Tuesday, February 12, 2013

Window on Eurasia: ‘The Russian People No Longer Exists,’ Russian Nationalist Says

Paul Goble

            Staunton, February 12 – Maksim Kalashnikov, a leading Russian nationalist commentator, says that “the Russian people no longer exists” and that its disappearance as an integral collective threatens the future of the country because there is no one left to defend it against challenges domestic and foreign.

            In an interview with “Svobodnaya Pressa” that was posted online yesterday, Kalashnikov argued that “people who call themselves [ethnic] Russians do not represent themselves as a people” because that “people [narod] has been deconstructed” during the course of the post-Soviet period (www.svpressa.ru/politic/article/64094/).

            According to Kalashnikov, “in place of a community of people” forming a nation, there are in the Russian Federation today various “islands which consist of people with similar habits of mind.”  And as a result, “the [ethnic] Rusians are in a wounded [and thus worse] position than the other ethnoses” of the country.”

            “That which is permitted to these ethnoses is prohibited in a completely open fashion to the Russians,” he said. “Imagine if the Russians in Grozny attacked Chechen women, sped around that city in cars with loud music and with guns in the trunk.  Or  name a Russian oblast which would permit itself to have a practically independent 50,000-man army.”

            It’s not just the Caucasus is being fed by the rest of the country – in fact, Kalashnikov noted, the amount of money involved is less than the amount Russian bureaucrats steal – but it is in the status and even nature of the contemporary group of Russians that some of them still call a nation.

            That represents a major change from Soviet times, Kalashnikov insisted.  Russians then “did not cut themselves off from their nationality; in fact we were a state-forming people, although this was not written in the Constitution” of that time.  “Our people had a single will,” and it was manifest in state policy.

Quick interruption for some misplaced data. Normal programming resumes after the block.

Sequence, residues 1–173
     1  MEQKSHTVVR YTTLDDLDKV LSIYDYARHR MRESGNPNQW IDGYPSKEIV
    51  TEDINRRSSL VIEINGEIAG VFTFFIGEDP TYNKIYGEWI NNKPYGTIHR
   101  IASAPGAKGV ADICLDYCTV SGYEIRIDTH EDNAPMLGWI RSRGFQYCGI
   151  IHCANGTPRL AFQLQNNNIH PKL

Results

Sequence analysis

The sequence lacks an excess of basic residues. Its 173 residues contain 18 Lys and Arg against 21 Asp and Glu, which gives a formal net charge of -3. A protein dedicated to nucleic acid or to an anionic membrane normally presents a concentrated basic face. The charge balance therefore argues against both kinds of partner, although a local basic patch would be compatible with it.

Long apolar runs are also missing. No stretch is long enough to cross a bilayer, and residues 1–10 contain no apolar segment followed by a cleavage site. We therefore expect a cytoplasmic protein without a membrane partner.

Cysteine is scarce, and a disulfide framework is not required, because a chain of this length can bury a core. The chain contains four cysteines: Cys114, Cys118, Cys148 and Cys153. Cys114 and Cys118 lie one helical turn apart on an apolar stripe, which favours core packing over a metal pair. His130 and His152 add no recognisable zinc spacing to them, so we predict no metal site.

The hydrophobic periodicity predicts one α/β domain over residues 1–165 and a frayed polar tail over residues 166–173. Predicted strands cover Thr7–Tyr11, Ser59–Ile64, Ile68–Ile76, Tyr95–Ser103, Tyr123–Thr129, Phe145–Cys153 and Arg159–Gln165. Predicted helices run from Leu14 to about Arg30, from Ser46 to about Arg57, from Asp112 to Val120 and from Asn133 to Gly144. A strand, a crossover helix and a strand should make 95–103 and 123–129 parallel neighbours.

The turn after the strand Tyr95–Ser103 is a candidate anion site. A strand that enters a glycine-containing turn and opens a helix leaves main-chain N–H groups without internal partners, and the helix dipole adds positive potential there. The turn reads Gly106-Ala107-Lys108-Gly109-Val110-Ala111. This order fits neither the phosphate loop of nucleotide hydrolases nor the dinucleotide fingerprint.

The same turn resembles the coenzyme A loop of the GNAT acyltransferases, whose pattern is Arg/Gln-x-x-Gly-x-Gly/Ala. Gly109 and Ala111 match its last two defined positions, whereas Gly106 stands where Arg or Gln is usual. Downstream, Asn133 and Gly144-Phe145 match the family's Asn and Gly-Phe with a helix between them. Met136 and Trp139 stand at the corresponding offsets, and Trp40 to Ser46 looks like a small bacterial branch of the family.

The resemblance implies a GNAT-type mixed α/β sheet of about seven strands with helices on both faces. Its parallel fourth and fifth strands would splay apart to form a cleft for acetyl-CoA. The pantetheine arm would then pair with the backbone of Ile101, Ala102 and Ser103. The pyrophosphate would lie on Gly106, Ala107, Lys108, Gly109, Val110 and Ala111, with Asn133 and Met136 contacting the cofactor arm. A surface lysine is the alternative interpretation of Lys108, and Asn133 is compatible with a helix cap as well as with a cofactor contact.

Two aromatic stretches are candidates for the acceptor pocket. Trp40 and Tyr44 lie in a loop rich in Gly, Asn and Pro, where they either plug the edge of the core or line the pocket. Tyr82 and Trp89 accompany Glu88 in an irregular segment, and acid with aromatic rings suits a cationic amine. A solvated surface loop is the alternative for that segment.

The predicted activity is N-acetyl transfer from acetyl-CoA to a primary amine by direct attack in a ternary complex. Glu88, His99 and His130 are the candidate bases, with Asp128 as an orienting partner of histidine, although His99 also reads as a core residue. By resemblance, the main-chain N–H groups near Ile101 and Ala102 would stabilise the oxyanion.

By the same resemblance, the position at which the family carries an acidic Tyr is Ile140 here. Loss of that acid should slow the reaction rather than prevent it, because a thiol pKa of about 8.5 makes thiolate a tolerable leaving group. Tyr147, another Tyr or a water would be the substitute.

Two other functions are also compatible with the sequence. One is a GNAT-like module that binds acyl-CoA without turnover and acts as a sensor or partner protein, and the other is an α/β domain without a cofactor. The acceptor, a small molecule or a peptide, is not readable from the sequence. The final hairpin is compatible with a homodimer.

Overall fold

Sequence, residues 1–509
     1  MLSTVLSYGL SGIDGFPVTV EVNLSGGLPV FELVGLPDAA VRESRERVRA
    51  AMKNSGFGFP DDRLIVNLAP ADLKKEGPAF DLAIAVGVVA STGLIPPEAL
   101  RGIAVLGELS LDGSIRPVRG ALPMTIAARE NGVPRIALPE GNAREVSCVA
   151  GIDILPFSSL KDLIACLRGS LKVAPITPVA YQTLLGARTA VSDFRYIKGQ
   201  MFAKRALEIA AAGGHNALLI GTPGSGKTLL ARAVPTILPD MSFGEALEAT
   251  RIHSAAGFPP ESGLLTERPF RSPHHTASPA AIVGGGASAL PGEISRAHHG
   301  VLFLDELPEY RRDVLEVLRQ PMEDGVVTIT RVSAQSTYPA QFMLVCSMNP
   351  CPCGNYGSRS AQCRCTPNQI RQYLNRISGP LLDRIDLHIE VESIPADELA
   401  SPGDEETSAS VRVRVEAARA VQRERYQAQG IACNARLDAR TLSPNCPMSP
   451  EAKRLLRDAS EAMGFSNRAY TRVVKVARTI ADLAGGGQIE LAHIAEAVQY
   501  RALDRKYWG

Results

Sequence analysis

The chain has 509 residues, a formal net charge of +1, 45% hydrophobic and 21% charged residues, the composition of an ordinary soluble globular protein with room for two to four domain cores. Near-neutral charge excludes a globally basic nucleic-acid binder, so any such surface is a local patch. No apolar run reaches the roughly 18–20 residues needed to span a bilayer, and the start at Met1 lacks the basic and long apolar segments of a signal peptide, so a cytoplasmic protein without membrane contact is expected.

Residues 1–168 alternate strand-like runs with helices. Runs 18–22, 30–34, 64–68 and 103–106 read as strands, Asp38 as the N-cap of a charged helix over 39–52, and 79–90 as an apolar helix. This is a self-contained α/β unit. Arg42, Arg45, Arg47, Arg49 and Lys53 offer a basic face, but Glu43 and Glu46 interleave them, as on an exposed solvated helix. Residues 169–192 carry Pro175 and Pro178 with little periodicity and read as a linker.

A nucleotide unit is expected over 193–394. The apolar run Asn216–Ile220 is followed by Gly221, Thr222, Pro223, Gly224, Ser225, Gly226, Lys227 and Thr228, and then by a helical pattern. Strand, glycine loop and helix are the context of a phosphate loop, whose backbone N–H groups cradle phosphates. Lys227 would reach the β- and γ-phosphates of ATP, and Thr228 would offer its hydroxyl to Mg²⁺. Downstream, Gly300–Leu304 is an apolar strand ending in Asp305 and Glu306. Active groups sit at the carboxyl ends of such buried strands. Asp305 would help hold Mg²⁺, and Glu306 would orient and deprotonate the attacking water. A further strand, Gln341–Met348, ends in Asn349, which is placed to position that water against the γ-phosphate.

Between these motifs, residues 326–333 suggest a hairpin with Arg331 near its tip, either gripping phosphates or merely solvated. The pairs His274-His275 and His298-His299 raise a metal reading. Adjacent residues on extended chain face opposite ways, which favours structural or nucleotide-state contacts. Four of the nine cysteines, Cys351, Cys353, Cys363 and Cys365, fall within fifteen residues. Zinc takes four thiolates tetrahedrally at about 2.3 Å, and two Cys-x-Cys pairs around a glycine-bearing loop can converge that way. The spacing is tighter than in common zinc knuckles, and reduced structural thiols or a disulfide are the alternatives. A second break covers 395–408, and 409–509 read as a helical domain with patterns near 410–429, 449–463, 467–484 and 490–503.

During perestroika, the Soviet system of economics was destroyed and at the same time, Kalashnikov suggested, the consciousness of Russians, “who were constantly subjected to information bombardings” was destroyed as well.”  As a result, he says, “the Russians ceased to be a people [narod].”

            Kalashnikov said that he finds ludicrous the claims of certain nationalists that the Russian people now has risen up because it has gotten rid of its imperial possessions. This “’liberation from empire’,” he continued, in fact has led “to the liberation of the [ethnic] Russians from themselves.” And that has rendered them a “colonial” population “which is easy to exploit.”

            The non-Russians, other than the Ukrainians and Belarusians who, Kalashnikov maintained are part of the Russian people historically, have suffered less since 1991 because they had less to lose, but even they have suffered demographic declines in most cases, although in that regard too the ethnic Russians have suffered the most.

            The winners, if one may call them that, after 1991 were “the most primitive [peoples] who could live under conditions of chaos, who were closer to the most primitive conditions of life, who fed themselves from the land or preserved their clanic ties.” Among such peoples are many in the North Caucasus.

            As a result of this reversal of fortune, “the Caucasians have lost respect for the Russians just as the Russians have lost respect for themselves.  When we were a great industrial people, we could say: ‘Look, we are able to do anything.”  But now, “how can present-day Russians be proud” of what has taken place, Kalashnikov asked rhetorically.

            What achievements can Russians point to now?  Putin “recently compared the Siberian pipeline with BAM.  But that is to compare the incomparable.  BAM foresaw the complex development of an enormous territory,” while the pipeline simply carries more of Russian natural resources to foreign markets.

            Unfortunately, there is little chance that the Russian national movement will cope with this anytime soon, Kalashnikov said.  It is divided by the ambitions of its would-be leaders and by the divisions among those who call themselves Russians.

            There are some indications, he suggested that Russians today are at approximately the same situation as the Kievan Rus, who fell to pieces on the eve of the Mongol-Tatar yoke.  Their civilization died, but from them arose the contemporary Russians.”

            Now, “Russians of the contemporary type are dying, and out of them possibly will appear a new nation.” But that will require “cataclysms” and a change in behavior. It is possible it will also involve the mixing” of the Slavic, Finno-Ugric, and Tatar communities into “something new.” But that is a matter for the somewhat distant future, not an issue for today.

            The process by which Russians are ceasing to be a people has gone so far, Kalashnikov concluded, that it has become “self-supporting and automatic.”  Everyone concerned about the Russians should reflect upon this, he said, and ask “whether he himself is not guilty that in our society ever more adults are idiots with the consciousness of a six-year-old child.”

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